The current transparency agenda and the harmful tax practices initiative date all the way back to 1998, the year the OECD published its seminal paper ‘Harmful Tax Competition’ an Emerging Global Issue
The report drew support from large countries, mainly high tax and spend OECD members, and was squarely aimed at small low tax countries where tax was openly being used as part of the competitive toolbox.
High tax countries disputed the fairness of this, while small nations argued that low taxes were part of being competitive and reducing the cost of doing business.
The attempt to blacklist mainly smaller countries was frustrated due to a lack of US support, partly as a result of a campaign run by the US Think Tank, the Centre for Freedom and Prosperity.
The debate moved from regimes and rates to transparency, with the ‘Global Forum on Tax Transparency’ formed in 2000 and the first fruits of its work, a global standard for ‘on request information exchange’ breaking cover in 2002.
The 2009 G20 in London accelerated the process with laggards ‘encouraged’ to speed up adoption under sanction or threat of a new blacklist.
The great transparency game changer came with the introduction of US FATCA in 2010. A response to perceived industrial scale tax evasion; a theory promulgated by the Obama administration and inflamed by the Swiss Private banking exposés, proliferating the belief that new sources of tax evaded revenue would solve the US fiscal gap.
President Obama announced on the campaign trail estimates of US$100bn pa could be recovered over a 10 year period, later scaled down by the US Treasury to US$8bn pa, and now estimated to be as little as US$800m pa by the House Ways and Means committee. Extra territorial costs for this legislation are now thought to top US$8.7bn.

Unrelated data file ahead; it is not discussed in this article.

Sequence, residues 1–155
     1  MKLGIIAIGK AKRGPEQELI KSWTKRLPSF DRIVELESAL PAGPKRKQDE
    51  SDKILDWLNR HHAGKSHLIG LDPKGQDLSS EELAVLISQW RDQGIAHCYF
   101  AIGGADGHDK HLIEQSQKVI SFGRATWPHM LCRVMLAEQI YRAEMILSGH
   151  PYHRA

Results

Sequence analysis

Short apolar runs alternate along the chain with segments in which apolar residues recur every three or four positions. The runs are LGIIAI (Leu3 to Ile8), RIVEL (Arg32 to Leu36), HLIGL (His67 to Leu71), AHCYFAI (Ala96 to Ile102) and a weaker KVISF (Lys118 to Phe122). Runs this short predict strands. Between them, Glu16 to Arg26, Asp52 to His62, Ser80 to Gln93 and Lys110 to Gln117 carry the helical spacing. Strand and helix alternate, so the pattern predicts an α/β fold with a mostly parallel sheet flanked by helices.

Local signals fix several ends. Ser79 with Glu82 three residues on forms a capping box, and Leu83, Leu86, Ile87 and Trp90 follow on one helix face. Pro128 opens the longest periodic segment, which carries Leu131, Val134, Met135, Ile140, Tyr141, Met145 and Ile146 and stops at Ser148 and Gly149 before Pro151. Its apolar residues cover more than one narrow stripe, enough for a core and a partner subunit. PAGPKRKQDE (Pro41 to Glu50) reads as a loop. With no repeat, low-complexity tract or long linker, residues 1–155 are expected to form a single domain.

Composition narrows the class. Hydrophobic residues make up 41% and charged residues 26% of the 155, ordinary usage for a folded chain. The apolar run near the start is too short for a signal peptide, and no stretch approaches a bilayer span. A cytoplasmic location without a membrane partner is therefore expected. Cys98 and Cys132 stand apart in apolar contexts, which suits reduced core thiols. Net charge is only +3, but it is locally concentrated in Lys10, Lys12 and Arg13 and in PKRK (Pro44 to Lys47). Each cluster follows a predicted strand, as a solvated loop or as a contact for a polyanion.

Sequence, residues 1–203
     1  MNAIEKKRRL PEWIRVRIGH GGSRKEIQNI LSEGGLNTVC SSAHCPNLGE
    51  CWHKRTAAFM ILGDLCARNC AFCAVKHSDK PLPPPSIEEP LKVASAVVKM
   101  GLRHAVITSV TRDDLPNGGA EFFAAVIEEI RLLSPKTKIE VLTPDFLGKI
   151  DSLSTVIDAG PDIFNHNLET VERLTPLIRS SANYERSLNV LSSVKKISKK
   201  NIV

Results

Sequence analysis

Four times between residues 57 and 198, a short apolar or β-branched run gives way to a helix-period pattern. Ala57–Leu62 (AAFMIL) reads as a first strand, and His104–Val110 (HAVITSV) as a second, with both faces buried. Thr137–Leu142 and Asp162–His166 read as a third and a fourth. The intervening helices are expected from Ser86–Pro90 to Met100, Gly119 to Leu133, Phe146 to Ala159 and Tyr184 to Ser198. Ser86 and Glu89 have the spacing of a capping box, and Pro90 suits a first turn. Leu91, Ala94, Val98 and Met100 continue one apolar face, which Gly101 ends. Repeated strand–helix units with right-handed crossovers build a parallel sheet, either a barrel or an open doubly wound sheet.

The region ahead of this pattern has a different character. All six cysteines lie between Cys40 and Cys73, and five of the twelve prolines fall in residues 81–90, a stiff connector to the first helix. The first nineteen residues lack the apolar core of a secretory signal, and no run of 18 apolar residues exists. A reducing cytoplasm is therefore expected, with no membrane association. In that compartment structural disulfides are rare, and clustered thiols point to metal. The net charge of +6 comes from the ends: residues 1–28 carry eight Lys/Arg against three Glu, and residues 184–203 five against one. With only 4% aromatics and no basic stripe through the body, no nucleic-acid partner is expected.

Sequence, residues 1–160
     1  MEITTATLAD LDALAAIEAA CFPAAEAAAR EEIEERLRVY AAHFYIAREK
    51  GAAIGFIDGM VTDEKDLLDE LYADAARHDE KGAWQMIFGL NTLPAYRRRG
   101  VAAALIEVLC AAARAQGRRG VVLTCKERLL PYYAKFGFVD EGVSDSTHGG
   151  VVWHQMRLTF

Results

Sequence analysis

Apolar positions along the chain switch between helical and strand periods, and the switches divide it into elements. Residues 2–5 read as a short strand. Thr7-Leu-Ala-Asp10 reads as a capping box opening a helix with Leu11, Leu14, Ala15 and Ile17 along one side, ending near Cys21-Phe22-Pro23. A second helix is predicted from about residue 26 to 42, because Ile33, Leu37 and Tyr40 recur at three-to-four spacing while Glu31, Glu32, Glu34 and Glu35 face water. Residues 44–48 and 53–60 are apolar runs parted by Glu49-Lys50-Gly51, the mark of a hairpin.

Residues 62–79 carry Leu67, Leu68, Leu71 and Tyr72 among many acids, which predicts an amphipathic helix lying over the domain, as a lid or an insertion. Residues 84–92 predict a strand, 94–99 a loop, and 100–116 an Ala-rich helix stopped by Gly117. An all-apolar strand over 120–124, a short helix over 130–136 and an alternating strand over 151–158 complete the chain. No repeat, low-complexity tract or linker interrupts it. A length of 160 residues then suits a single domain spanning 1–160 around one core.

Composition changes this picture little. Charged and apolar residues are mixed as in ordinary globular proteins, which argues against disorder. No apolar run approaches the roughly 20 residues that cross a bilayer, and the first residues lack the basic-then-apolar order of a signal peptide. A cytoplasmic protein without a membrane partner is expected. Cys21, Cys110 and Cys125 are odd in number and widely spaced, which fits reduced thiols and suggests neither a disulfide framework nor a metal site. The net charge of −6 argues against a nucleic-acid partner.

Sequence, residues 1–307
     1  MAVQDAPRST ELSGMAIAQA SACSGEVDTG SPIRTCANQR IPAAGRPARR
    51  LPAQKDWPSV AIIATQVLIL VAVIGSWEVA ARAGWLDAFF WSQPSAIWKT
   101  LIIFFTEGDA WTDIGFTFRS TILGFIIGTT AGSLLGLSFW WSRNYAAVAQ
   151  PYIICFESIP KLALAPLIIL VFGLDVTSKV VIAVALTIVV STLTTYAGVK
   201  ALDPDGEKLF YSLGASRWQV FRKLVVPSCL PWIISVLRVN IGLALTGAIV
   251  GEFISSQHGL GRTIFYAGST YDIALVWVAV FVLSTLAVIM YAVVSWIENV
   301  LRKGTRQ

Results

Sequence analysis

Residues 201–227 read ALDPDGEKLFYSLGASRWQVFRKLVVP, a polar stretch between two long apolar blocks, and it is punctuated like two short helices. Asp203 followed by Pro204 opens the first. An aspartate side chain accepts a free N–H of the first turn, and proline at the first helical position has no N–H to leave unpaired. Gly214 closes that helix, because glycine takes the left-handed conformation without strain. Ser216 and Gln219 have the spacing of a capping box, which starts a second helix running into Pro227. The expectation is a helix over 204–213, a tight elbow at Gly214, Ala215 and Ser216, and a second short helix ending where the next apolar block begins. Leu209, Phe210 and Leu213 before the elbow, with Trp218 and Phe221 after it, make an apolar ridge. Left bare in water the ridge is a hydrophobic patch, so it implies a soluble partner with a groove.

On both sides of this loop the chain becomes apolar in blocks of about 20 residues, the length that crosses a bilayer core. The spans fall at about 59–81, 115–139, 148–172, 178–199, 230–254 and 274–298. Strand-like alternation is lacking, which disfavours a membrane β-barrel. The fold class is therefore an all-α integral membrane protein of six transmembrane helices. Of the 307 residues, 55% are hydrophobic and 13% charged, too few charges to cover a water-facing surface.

According to Forbes magazine the 7.6m expatriate Americans and 13m green card holders around the world have seen a wholesale retreat of financial service providers prepared to provide banking and investment services to them, due to the costs and risks involved.
The whole transparency programme saw another huge inflexion point on the back of the Google, Amazon and Starbucks debate in Europe. These iconic American brands, initially welcomed with open arms by European countries, located their tax domicile unsurprisingly in places like Dublin and Luxembourg, where they could benefit from EU trade access and low corporation tax rates.
An EU backlash fuelled by allegations of ‘tax dodging’ put these companies in the headlights, and gave birth to the latest transparency move; BEPs, with the advent of the OECD’s work on base erosion and profit shifting.
An interesting dynamic has opened up. Four of America’s most admired companies have come under fire from indebted European countries with the only top five American firm that hasn’t yet invoked the tax ire of the EU being Berkshire Hathaway.
The G20 consensus, under strain, has seen the NGO tax lobby move its attention to claims that developing countries are losing a large sum each year to multinational tax dodging, estimated at US$160bn pa. This claim is speculative and has recently been dismissed by independent economists, and, notably even sceptical members of the NGO community, concerned about the undermining of collective credibility, with the claimed losses found to be the result of transfer pricing data errors.